New Clause 21 - Reduction of greenhouse gas emissions: report regarding dynamic demand technologies

Part of Climate Change and Sustainable Energy Bill – in a Public Bill Committee am 4:15 pm ar 9 Chwefror 2006.

Danfonwch hysbysiad imi am ddadleuon fel hyn

Photo of Malcolm Wicks Malcolm Wicks Minister for energy, Department of Trade and Industry 4:15, 9 Chwefror 2006

That was very energy efficient; I must learn from the hon. Gentleman.

As we have heard, new clause 21, which might be the last new clause that we consider today, will impose a duty on the Secretary of State to publish a report on the contribution that dynamic demand technologies could make to reducing greenhouse gas emissions in Britain. The report will also address whether it is appropriate to take any steps to promote the use of those technologies and, if it is, what those steps might be.

We have been taught that dynamic demand technologies are technologies that enable the consumption or generation of electricity to be controlled or adjusted automatically according to network frequencies. I am advised that, in English, that means that these are clever pieces of kit that can adjust the demand of our appliances to help to balance the load on the grid. I have been given an example. If the technology senses through an assessment of the frequency levels that demand is growing, it will turn the fridge down, or so I am told. Another application could be that if the technology senses that a difficult item is coming up on the “Today” programme that might upset a sensitive Minister, the radio will automatically be switched off. [Laughter.] As one of   our distinguished political commentators said: I made that one up. It was so far-fetched, it must have been the one about the refrigerator.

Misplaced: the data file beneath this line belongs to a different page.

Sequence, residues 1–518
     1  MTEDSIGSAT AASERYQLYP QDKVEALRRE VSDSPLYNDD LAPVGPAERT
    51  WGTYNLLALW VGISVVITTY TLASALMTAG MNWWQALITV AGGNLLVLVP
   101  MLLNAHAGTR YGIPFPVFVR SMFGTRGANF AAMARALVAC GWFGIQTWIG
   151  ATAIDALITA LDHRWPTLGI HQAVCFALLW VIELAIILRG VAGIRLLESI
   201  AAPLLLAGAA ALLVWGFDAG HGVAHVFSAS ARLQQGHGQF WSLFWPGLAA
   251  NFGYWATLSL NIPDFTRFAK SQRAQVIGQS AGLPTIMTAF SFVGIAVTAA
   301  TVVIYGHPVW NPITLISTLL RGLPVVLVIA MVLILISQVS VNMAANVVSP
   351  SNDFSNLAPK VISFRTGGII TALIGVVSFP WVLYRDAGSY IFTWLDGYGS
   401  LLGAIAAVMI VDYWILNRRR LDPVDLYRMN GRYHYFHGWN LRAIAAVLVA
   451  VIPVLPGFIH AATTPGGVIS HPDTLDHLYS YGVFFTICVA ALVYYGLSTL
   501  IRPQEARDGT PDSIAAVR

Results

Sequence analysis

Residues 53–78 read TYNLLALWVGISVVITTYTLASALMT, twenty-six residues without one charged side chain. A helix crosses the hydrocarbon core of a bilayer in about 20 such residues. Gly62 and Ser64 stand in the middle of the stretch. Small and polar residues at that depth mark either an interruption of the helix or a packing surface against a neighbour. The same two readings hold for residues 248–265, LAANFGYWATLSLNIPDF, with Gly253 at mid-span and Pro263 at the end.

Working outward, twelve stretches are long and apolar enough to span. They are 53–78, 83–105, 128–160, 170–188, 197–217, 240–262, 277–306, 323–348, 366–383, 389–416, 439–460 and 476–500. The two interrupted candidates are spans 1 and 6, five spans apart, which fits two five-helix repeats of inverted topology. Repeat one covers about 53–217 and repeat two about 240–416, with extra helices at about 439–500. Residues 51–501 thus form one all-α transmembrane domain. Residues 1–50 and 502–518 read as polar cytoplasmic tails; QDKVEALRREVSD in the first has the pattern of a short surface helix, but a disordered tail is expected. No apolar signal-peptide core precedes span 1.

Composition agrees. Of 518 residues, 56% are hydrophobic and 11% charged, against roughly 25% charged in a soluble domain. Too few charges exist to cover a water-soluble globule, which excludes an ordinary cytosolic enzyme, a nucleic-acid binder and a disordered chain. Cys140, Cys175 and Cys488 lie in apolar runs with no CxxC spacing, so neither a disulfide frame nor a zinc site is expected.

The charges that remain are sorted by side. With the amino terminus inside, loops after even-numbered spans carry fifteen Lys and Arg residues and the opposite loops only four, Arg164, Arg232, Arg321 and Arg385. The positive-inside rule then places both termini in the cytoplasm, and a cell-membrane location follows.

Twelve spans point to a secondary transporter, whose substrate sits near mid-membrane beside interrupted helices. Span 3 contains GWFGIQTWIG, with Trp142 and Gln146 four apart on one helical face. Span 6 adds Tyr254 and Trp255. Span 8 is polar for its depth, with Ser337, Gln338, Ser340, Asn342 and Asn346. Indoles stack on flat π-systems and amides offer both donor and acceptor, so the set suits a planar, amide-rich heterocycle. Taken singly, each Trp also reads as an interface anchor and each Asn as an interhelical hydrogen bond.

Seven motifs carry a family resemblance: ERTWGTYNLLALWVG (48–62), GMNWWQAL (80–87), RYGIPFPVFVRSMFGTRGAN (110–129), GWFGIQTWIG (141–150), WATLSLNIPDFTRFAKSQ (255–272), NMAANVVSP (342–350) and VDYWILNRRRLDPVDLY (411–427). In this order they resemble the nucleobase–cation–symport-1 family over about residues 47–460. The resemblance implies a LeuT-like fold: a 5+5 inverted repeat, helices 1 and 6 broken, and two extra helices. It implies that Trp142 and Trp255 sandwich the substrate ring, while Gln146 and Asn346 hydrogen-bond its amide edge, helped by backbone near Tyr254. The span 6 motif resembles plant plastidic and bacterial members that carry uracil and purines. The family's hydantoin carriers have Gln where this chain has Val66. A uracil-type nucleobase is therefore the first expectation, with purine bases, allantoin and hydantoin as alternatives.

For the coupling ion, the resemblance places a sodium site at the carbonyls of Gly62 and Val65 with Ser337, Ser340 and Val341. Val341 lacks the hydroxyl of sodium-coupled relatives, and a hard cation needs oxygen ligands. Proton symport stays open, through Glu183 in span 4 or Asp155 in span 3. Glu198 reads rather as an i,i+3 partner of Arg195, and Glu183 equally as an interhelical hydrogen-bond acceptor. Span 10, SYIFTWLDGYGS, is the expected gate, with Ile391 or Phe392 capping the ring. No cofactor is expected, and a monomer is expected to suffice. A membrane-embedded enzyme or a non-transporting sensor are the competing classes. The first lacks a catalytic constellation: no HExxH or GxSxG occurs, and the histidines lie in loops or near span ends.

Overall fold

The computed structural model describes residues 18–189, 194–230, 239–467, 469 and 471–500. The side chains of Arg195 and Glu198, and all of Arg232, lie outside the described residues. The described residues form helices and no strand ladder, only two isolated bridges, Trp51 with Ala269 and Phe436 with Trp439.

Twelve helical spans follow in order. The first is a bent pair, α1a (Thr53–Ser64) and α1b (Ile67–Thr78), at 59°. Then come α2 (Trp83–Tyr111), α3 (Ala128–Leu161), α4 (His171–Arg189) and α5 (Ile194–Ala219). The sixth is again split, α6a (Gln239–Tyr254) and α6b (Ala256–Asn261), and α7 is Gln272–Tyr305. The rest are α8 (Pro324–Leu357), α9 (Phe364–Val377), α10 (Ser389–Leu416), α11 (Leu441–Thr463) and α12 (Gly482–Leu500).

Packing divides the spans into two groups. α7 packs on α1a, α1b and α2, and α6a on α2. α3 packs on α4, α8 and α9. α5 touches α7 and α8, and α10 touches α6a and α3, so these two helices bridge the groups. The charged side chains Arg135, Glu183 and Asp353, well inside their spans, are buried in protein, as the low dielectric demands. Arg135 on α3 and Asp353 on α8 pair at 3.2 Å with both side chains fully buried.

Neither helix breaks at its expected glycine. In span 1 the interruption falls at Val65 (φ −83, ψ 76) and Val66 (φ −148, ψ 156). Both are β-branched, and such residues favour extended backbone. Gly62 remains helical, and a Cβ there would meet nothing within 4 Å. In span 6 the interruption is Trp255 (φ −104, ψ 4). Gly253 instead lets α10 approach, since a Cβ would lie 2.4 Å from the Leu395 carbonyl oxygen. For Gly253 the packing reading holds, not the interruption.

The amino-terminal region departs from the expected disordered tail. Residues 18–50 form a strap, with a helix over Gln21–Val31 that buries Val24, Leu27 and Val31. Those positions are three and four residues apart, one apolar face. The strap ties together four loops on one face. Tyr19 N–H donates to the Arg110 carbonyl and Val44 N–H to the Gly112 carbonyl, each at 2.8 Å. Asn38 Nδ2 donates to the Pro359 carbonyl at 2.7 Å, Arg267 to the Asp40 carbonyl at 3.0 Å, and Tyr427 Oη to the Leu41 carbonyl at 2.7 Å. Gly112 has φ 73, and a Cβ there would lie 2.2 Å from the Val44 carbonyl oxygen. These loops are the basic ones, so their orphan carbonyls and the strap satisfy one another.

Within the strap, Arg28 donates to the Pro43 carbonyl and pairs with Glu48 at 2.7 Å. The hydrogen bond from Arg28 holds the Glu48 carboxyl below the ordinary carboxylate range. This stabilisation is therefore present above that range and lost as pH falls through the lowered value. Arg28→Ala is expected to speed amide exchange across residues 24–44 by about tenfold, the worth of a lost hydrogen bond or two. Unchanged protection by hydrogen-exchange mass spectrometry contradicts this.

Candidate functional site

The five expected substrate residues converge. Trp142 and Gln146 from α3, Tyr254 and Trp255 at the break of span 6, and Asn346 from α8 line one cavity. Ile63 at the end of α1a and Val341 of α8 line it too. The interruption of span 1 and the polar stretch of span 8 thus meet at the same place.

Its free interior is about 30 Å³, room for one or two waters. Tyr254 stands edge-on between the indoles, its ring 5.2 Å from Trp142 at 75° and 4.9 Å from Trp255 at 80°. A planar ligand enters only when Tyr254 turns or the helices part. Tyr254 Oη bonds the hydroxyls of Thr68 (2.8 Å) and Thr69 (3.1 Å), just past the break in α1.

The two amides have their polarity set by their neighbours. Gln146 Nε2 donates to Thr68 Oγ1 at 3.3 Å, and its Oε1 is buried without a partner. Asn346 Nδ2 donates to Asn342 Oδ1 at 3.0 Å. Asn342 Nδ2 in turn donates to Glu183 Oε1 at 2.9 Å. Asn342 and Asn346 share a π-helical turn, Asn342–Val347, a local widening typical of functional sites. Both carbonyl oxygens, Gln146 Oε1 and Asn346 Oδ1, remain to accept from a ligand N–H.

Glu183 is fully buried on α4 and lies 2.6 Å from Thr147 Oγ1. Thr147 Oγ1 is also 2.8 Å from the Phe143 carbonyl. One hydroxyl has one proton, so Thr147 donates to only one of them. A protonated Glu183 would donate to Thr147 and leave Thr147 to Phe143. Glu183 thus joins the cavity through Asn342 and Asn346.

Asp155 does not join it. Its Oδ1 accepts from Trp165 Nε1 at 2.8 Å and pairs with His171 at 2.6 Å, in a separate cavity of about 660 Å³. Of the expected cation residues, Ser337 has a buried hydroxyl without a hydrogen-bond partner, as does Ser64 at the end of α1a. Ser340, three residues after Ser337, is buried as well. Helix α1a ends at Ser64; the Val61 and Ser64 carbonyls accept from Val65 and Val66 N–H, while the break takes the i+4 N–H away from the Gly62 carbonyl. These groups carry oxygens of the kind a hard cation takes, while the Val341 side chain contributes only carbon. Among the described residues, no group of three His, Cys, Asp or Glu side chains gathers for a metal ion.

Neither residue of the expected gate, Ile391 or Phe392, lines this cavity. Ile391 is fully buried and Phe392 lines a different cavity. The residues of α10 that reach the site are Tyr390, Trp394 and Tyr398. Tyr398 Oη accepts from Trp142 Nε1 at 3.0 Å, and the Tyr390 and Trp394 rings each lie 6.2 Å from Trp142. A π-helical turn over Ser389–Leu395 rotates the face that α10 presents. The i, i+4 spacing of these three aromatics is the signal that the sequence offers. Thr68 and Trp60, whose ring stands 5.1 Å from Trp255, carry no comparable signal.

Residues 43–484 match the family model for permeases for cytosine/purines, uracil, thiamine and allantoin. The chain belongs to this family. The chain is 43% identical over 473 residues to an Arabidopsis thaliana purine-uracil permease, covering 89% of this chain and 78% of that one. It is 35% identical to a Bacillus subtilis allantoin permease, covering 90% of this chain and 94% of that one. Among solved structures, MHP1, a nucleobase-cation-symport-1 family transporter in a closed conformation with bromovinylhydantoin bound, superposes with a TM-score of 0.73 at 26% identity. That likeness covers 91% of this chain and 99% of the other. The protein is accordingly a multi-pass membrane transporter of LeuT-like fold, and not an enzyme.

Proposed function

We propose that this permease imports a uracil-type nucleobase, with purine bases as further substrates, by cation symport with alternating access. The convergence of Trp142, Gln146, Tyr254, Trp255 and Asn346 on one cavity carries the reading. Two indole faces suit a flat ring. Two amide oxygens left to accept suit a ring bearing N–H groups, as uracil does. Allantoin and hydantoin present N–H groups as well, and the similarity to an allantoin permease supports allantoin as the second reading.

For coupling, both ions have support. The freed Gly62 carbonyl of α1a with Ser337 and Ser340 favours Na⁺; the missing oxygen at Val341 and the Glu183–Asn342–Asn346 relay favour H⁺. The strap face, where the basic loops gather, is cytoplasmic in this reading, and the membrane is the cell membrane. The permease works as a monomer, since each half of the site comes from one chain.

The overall benefit of these technologies is that a smoothed demand pattern leads to a reduced need for back-up generation. It is claimed that that could save up to 0.6 million tonnes of carbon per year. The Government have done very little proactive work in this area to date—I do not understand why—although we have kept up to date with developments. It is clear   that these technologies deserve closer investigation, to establish whether they could make a significant contribution to reducing our carbon emissions.

I am happy to support new clause 21, and I look forward to the conclusions of the report that it requires.